Thursday, November 21, 2019

Bernard Krigstein: Fine Artist and Comic Book Artist

It seems that Bernard Krigstein (1919-1990) was a Fine Arts guy at heart, yet for 15 or so years he illustrated comic books and actually appreciated what he was doing. Some background is here and here.

Before his time -- the late 1940s and the 1950s -- the quality of comic book art was generally mediocre. Perhaps some of that was due to the large number of separate images required for, say, a six-page story. Production speed was and is an important economic concern in that field. But during the 1930s there emerged examples of well done art in newspaper comic strips. Examples include "Tarzan" by Hal Foster and Burne Hogarth, "Terry and the Pirates" by Milton Caniff, and Alex Raymond's "Flash Gordon."

Krigstein and some others upped comic book artistic quality as well as experimented with the means of presentation of sequential events.

His training and inclinations along with clashes with comic book editors and publishers caused him to drift into general illustration and then to teaching art while doing painting on the side.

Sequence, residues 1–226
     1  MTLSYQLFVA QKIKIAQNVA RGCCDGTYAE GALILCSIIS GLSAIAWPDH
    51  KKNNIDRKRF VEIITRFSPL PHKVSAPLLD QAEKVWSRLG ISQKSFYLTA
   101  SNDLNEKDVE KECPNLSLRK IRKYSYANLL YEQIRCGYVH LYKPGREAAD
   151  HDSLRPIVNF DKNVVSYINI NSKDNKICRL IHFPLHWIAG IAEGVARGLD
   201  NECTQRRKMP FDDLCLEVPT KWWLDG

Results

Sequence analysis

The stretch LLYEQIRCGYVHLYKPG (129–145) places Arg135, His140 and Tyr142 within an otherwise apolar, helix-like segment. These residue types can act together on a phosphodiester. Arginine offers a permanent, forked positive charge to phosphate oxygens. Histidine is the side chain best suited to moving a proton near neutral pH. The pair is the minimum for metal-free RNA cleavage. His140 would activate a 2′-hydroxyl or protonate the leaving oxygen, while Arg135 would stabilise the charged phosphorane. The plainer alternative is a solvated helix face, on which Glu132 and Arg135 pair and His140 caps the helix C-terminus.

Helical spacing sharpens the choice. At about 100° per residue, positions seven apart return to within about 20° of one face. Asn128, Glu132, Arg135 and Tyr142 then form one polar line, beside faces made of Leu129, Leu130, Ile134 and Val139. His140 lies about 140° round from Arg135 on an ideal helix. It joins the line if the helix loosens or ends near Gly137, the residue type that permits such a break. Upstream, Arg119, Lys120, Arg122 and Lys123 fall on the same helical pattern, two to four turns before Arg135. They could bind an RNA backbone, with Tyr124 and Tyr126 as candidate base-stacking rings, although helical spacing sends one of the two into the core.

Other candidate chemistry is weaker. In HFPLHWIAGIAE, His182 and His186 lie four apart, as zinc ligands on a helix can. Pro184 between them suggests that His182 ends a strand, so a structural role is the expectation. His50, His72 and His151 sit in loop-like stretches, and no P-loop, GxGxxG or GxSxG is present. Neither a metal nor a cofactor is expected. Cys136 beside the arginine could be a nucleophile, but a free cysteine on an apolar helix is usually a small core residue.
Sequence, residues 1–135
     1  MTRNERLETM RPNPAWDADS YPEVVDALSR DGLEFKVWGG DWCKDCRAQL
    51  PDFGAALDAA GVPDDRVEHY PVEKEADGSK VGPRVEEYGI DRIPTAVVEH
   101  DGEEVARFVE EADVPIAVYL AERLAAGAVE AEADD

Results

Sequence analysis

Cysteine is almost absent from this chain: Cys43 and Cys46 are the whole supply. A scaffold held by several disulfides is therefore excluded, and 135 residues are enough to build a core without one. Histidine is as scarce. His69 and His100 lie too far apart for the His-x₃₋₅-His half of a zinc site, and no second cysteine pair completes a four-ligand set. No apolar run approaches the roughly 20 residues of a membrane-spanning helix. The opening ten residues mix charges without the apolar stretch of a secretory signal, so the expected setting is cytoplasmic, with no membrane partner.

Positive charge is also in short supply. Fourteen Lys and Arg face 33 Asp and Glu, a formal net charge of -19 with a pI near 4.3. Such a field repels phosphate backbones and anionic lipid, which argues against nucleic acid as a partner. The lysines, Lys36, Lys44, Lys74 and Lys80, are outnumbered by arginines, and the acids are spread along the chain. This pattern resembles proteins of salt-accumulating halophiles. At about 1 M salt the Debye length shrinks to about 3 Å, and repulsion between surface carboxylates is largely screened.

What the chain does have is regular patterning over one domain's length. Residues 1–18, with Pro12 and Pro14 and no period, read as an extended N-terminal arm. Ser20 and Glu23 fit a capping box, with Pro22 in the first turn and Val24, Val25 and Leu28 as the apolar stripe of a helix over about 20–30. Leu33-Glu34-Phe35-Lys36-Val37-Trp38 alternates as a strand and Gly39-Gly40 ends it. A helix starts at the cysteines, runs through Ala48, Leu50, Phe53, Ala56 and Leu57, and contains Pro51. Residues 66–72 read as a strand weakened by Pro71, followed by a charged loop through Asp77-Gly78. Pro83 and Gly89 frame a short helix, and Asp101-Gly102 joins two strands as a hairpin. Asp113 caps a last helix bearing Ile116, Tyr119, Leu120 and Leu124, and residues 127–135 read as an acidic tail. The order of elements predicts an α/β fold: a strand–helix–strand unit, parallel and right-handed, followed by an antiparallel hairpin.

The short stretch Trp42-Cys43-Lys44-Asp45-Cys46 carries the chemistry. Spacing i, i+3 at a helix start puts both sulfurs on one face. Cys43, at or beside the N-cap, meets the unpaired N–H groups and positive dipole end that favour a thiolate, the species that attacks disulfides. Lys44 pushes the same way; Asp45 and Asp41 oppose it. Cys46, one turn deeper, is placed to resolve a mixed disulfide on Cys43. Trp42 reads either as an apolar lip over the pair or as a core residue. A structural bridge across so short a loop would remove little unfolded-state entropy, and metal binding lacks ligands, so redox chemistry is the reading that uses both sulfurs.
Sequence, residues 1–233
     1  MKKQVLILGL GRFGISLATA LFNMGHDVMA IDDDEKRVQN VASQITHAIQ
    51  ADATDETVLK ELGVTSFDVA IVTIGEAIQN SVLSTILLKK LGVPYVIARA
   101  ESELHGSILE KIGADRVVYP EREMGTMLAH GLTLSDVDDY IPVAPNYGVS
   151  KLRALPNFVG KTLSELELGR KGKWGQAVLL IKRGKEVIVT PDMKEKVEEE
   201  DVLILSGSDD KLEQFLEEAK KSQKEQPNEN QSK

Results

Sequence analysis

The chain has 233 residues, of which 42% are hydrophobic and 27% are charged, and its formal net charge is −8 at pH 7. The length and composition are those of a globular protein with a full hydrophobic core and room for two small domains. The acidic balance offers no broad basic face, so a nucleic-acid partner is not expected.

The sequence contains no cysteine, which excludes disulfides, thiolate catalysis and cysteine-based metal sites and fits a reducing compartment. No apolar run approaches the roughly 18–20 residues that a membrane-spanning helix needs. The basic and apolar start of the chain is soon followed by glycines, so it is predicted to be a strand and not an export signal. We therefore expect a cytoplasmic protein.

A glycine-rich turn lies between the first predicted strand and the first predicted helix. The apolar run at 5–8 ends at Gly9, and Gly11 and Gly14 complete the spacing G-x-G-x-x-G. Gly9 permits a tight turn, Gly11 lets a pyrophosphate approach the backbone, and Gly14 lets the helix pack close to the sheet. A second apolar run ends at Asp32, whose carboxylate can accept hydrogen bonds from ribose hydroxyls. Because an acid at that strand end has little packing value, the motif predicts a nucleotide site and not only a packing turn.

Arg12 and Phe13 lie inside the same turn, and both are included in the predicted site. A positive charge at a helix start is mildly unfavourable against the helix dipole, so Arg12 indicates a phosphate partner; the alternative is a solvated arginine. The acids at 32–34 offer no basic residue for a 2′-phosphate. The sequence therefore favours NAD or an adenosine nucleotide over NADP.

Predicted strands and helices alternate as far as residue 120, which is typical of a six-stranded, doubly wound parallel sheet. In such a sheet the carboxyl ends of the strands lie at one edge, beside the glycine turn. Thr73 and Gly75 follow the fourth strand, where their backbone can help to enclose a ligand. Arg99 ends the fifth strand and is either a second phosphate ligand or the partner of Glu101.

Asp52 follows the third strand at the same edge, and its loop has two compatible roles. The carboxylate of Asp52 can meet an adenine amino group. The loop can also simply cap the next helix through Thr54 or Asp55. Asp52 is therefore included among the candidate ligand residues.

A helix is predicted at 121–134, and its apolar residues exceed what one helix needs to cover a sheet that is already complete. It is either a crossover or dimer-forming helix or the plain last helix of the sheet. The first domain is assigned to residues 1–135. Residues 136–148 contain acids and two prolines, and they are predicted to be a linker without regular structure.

In comic book / sequential graphic novel world, his work is highly regarded and honored for its quality, innovation and versatility. Some examples are presented below.


An illustration from around late 1942 or early 1943 featuring Bell P-39 Airacobras.

Page segment featuring tight, crisp drawing and use of solid black areas.

Lead page of a comics story where Krigstein makes used of bold inking.  (He generally did his own inking, usual for comic books.  I do not know for sure if he inked the images above, however.)  Update: Bill Peckmann informs me that Krigstein did do the inking.

Part of the final page of his epic "Master Race" story.  Here he makes use of a kind of stop-motion, slow motion effect that was used in some 1970s movies and seen fairly frequently in recent years in graphic novels.

This is sheer opinion on my part, but I think all those little pictures slow down the reality of what he is depicting.  A possible alternative would be, following the first image, to have a panel something like my doodle above showing the man slipping and starting to fall onto the subway tracks, and then cutting to the final panel above.  It would be quick, as in reality, and readers could easily fill in the details via imagination.

Krigstein also illustrated a book dealing with baseball.  Here it is necessary to break action down into significant steps.

The first and second pages of "The Flying Machine," set in Japan.  Here Krigstein makes use of simple penwork and designs suggestive of classical Japanese prints.  Note that the uncolored version is much more appealing than the colored appearance found in the comic book.  Innovative for its time, as usual.

Moving on from his comics career, here is a Krigstein pen and wash drawing.


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